Where are the visual aids?

Visual aids have a huge place everywhere in modern Western teaching given that not all of us are blessed with being auditory learners. They are, however, especially crucial with special needs children, particularly with autistic children since struggles with spoken language are, like, a big part of what autism is.

It seems that visual aids are indeed used in some schools in Thailand and are taught in university (one of the teachers, I think she is a speech therapist, mentioned having used them at other sites in the past), but this school doesn’t use them. They also don’t use sign language with non-verbal children (they do use hand gestures for “hello” and “thank you” but because those gestures are part of normal interactions in Thai culture, they don’t think of them as sign language) All of my training has been about facilitating communication through visual aids so I had no idea what do.

I did make some pictographs (cards with pictures that can be used to communicate a need, discomfort or a want like thirst, tiredness, hunger or going to the bathroom) but since I was the only one using them, they ended up being more like fun flashcards or vocabulary builders than communications tools. I use sign language to back what I say too, a mix of Thai sign language and the hand signs I used back home, and the kids are somewhat interested, but again, no point in teaching them if no one else is on board.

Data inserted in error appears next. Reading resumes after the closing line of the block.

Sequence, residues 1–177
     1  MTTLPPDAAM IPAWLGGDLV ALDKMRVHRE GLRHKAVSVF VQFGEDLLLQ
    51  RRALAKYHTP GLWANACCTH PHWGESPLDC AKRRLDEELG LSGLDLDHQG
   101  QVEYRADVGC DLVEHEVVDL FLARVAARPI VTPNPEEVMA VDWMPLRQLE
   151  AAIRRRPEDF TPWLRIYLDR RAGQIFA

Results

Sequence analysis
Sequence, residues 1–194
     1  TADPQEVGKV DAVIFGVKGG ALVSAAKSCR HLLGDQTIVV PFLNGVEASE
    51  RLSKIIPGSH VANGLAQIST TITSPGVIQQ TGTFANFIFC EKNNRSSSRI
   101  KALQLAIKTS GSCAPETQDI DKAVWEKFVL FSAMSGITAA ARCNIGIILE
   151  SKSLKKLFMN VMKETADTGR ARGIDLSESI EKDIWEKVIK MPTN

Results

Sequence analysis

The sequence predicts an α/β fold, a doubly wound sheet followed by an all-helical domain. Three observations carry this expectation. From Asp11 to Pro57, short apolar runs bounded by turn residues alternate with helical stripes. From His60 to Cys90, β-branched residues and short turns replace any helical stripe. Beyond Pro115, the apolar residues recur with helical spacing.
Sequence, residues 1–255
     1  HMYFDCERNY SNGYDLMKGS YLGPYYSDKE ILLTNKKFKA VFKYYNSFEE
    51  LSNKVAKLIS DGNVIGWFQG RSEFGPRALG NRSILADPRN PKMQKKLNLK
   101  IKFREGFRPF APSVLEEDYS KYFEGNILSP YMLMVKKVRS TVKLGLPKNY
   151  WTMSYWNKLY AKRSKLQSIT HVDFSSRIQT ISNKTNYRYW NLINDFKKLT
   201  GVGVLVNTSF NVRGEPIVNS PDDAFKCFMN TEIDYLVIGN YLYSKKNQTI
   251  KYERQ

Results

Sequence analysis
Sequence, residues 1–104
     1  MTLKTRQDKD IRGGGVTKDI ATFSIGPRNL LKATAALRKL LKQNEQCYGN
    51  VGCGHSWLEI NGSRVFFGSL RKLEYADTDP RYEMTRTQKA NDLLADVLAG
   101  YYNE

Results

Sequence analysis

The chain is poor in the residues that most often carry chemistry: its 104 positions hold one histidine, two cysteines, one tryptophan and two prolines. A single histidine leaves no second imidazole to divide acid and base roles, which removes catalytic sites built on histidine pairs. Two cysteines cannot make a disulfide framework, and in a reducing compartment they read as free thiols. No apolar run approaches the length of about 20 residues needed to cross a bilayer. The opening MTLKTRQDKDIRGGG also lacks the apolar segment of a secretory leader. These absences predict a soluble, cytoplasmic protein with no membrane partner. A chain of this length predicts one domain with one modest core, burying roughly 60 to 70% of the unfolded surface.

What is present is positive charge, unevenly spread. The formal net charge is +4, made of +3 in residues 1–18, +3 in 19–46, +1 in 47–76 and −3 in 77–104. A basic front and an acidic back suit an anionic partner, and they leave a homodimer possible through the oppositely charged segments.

I wanted to make visual schedules and timers too but ended up deciding against. After all, these kids were pretty good at communicating already. Thai life isn’t scheduled and timed the way Western life is either. Adults do go to work in the morning, come home at night and have hobbies, but routine, at least in more rural areas, isn’t as fine tuned or as strict as the routine we know. Oh, and nothing ever goes as planned. Some days cars break down. Sometimes there are random holidays. Sometimes people are late. For these kids, I decided, a schedule would be at best a waste of time, or at worst a source of frustration as it would rarely be followed. The notion of trusting one’s superiors makes me cringe, but given the cultural context, these children will probably gain far more by noticing cues from their parents and teachers than from a piece of paper. They would also gain a lot by learning how to deal with things they can’t control than by learning to control as much as possible.